PATERSON, NJ - An investigation is underway into a Tuesday night shooting that claimed the lives of four Paterson men and left three additional victims injured.
Passaic County Prosecutor Camelia M. Valdes and Paterson Police Chief Ibrahim Baycora announced that the incident took place at approximately 11:04 p.m. in the area of Carroll Street and Governor Street.
Upon arrival responding officers discovered seven men who had sustained gunshot wounds. The victims were transported to Saint Joseph’s Regional Medical Center for treatment with a one released and two others in stable condition. Al Malik Williams and Otis Smith, both 37, Unique Jones, 22, and Nygier Barrett, 25, all succumbed to their wounds and died at the hospital.
"This must end today," Mayor Andre Sayegh stated in a Wednesday statement.
“The severity of this incident speaks to larger problems than urban violence that needs to be addressed in the immediate future,” Sayegh continued. Vowing to engage personally in efforts to bring an end to the violent acts that “steal our young residents and instill fear in the community at large,” Sayegh said he is working with community leaders in an effort to put “the young people who are engaging in this dangerous behavior in a room and explain the gravity of their actions.”
Some of those community leaders, including a local elected official, and a businessman/activist, also spoke to TAPinto Paterson about the tragedy.
Even over the phone the profound sadness felt by Councilwoman-At-Large Dr. Lillisa Mimms was evident as she lamented the loss of more lives. Asked why the “cycle of violence” she spoke of seems to be on a continued upward trajectory Mimms responded “that’s the question.”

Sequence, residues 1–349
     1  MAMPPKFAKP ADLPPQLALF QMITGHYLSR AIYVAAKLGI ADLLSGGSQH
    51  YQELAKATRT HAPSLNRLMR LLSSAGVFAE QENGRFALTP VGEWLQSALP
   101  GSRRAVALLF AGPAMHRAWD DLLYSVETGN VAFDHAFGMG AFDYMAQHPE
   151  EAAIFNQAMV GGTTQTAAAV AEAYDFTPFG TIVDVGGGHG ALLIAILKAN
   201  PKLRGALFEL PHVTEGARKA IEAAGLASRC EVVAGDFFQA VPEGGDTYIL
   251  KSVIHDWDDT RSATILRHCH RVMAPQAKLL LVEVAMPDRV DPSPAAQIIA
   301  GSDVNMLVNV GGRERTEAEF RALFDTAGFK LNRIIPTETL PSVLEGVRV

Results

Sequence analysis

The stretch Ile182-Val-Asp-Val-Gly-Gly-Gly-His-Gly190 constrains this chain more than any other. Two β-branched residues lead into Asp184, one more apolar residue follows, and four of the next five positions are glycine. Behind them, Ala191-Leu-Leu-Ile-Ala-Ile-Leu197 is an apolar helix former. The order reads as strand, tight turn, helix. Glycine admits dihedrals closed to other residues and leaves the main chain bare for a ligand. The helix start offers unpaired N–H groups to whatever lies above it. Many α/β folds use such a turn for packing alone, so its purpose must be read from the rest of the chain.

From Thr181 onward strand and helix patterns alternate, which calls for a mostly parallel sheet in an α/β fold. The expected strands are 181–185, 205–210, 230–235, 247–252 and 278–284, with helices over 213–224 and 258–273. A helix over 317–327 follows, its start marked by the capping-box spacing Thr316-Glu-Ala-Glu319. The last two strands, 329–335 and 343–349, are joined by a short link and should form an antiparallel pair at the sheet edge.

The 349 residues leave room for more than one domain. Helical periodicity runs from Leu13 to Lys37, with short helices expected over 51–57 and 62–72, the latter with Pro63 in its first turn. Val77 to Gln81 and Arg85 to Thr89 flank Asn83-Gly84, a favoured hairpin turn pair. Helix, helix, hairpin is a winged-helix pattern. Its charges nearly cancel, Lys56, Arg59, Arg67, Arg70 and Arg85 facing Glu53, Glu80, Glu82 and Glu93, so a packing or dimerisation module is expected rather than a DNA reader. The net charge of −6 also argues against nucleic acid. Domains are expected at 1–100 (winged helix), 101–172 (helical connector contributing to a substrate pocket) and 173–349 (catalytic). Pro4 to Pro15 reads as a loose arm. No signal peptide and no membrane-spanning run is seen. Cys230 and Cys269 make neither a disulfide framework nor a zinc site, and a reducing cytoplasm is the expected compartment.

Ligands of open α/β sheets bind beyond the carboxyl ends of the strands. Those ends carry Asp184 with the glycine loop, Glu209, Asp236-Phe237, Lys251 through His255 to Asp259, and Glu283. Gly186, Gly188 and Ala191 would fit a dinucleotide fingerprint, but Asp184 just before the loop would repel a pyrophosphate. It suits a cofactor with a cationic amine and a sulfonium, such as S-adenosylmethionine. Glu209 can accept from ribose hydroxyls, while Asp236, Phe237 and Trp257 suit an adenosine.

“We need to have more conversations, we need to save our children,” Mimms said, calling for an “all hands on deck” effort that includes elected officials and police, parents and youth, clergy and counselors, and more. “Prayer is important,” the ordained minister added, “but we need to pray and take action.”
Doubling down on her statement that everyone has to be a part of the solution, Mimms referred to the well recognized “see something, say something” approach, a difficult strategy, she acknowledged, when those that speak up are seen as snitches.
While himself no stranger to responding to the violence that has too often plagued his community, longtime community leader and business owner Casey Melvin said that the multiple casualty incident left him “paralyzed.”
Melvin pointed to societal issues plaguing urban communities across the country, such as lack of jobs, improper guidance, and a dearth of activities and positive leadership, as those that need to be dealt with to bring about any change. “Hanging out on the street corner shouldn’t be something young people look forward to” he said, renewing his call for increased resources that could go towards increasing employment opportunities, recreational activities, and utilizing the services of trauma specialists.
“It’s snowballing out of control,” he said before adding a more hopeful note that even as Paterson contends with the “jaw-dropping” number of victims, all is not lost. “When we start believing there is nothing we can do it’s over,” he said. “It’s not lights out yet, there’s hope, there’s opportunity.”
Know a story we should share with readers? Email editor Steve Lenox and tell him about it.